Manage episode 294438578 series 2362754
Parvez and Omar discuss Dr. Celene Ibrahim's works on women and gender in the Qur'an
About Dr. Celene Ibrahim
Dr. Celene Ibrahim is the author of Women and Gender in the Qur'an from Oxford University Press (2020) and the editor of One Nation, Indivisible: Seeking Liberty and Justice from the Pulpit to the Streets from Wipf & Stock Publishers (2019). Her current book project on the concept of monotheism in the Qur'an and Islamic intellectual history is forthcoming from Cambridge University Press.
Ibrahim holds a doctorate in Arabic and Islamic Civilizations and a master's degree in Women's and Gender Studies and Near Eastern and Judaic Studies from Brandeis University, a Masters of Divinity from Harvard University, and a bachelor's degree with the highest honors from Princeton University.
As a trusted public voice on issues of religion and civic engagement, Dr. Ibrahim is deeply committed to counteracting bigotry and fostering values of pluralism, integrity, and civic responsibility. She offers lectures, workshops, and educational seminars around the world and is a graduate of the United World College of the American West.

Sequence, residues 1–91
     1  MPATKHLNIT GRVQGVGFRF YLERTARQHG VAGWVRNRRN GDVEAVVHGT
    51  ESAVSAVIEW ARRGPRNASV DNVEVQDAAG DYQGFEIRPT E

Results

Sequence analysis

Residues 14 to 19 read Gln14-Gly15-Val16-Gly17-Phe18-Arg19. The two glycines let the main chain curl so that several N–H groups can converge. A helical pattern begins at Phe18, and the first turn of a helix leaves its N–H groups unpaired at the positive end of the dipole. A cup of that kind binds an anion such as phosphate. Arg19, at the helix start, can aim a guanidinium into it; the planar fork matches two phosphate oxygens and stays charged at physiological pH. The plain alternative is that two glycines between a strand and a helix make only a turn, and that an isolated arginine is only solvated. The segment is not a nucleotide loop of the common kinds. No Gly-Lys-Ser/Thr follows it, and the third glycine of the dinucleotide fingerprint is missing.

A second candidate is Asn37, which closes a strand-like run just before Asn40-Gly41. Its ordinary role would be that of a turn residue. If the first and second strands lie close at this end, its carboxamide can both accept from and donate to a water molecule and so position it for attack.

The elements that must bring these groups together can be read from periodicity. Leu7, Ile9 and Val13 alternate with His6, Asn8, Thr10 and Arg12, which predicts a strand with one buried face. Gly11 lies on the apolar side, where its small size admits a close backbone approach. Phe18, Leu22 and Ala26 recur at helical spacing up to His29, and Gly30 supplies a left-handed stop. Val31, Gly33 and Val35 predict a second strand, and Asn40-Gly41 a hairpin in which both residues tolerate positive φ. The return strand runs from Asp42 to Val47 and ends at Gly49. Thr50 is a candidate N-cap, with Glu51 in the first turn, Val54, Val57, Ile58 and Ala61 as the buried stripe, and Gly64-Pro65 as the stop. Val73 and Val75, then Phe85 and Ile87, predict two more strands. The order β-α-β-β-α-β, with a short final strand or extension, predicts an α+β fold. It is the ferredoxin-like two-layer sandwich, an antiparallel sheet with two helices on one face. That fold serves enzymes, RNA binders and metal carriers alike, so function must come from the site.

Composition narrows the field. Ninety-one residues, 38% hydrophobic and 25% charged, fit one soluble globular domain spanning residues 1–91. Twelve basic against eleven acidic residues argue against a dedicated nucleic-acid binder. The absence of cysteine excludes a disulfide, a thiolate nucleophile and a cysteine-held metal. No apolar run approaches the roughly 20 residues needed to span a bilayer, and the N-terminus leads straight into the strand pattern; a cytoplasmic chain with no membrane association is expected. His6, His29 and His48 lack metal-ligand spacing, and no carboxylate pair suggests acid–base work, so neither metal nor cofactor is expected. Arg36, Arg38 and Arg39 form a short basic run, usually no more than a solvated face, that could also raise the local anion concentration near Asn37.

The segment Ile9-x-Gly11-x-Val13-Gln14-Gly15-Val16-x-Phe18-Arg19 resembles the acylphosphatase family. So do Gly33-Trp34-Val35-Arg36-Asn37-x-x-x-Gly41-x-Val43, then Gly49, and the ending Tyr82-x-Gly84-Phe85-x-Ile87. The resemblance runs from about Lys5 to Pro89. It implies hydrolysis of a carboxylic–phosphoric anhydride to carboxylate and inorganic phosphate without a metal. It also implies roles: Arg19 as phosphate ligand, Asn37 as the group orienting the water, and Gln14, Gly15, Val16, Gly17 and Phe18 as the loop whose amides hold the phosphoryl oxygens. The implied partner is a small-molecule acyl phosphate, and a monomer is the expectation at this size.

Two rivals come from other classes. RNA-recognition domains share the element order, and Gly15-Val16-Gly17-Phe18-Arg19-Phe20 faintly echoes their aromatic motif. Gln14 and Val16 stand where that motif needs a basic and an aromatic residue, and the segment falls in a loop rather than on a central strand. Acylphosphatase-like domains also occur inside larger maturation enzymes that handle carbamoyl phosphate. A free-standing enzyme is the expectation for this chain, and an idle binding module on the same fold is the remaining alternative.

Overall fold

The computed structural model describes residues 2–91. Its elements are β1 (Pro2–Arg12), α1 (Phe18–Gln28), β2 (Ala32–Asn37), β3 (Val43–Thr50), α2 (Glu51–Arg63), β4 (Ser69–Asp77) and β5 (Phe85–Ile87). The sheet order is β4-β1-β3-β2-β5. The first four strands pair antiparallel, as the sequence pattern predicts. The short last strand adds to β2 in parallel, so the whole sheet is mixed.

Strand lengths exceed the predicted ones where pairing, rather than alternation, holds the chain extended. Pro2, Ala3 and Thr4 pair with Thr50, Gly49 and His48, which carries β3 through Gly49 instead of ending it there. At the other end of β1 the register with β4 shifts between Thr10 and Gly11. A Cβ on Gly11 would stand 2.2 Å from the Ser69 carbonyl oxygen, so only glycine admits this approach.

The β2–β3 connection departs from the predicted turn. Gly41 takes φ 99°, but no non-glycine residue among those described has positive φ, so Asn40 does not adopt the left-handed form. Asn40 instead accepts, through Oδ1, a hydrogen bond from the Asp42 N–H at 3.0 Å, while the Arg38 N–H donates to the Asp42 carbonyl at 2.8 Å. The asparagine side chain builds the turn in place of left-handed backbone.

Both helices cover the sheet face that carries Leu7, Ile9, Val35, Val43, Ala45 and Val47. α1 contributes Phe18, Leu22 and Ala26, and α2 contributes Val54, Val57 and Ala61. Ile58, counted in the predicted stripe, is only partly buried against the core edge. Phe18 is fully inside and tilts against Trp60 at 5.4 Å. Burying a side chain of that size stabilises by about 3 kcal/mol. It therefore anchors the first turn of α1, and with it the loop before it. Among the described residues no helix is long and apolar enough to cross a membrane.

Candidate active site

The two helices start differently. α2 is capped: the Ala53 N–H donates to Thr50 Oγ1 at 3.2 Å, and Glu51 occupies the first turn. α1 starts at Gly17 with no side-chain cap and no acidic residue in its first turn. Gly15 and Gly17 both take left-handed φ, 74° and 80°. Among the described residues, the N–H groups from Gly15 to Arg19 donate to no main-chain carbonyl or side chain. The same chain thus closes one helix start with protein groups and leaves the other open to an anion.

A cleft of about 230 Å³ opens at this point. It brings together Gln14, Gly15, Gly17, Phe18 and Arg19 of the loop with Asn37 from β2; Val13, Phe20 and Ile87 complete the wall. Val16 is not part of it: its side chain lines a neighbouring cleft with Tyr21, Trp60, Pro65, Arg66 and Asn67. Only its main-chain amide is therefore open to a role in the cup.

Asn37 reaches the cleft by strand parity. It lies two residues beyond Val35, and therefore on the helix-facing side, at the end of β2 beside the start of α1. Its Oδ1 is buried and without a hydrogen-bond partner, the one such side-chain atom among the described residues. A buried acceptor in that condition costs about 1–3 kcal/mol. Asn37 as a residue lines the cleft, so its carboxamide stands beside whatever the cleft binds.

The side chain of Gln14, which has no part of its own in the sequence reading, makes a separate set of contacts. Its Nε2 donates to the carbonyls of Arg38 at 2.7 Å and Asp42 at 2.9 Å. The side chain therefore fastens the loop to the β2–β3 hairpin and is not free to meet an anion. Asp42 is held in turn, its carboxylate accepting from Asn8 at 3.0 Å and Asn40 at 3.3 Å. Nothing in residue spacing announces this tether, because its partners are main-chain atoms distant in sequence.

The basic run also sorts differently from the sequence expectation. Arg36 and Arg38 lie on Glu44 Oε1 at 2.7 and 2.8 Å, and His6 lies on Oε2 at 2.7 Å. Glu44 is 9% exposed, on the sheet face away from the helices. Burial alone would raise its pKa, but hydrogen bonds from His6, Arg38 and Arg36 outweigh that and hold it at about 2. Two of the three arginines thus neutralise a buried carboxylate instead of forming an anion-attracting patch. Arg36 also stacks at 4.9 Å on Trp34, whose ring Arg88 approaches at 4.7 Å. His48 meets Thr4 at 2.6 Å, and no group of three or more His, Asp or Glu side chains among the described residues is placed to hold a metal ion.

About the Book
Stories about gendered social relations permeate the Qur'an, and nearly three hundred verses involve specific women or girls. The Qur'an features these figures in accounts of human origins, in stories of the founding and destruction of nations, in narratives of conquest, in episodes of romantic attraction, and in incidents of family devotion and strife. Overall, stories involving women and girls weave together theology and ethics to reinforce central Qur'anic ideas regarding submission to God and moral accountability. Celene Ibrahim explores the complex cast of female figures in the Qur'an, probing themes related to biological sex, female sexuality, female speech, and women in sacred history. Ibrahim considers major and minor figures referenced in the Qur'an, including those who appear in narratives of sacred history, in parables, in descriptions of the eternal abode, and in verses that allude to events contemporaneous with the advent of the Qur'an in Arabia. Ibrahim finds that the Qur'an regularly celebrates the aptitudes of women in the realms of spirituality and piety, in political maneuvering, and in safeguarding their own wellbeing; yet, women figures also occasionally falter and use their agency toward nefarious ends. Women and Gender in the Qur'an outlines how women and girls - old, young, barren, fertile, chaste, profligate, reproachable, and saintly -enter Qur'anic sacred history and advance the Qur'an's overarching didactic aims.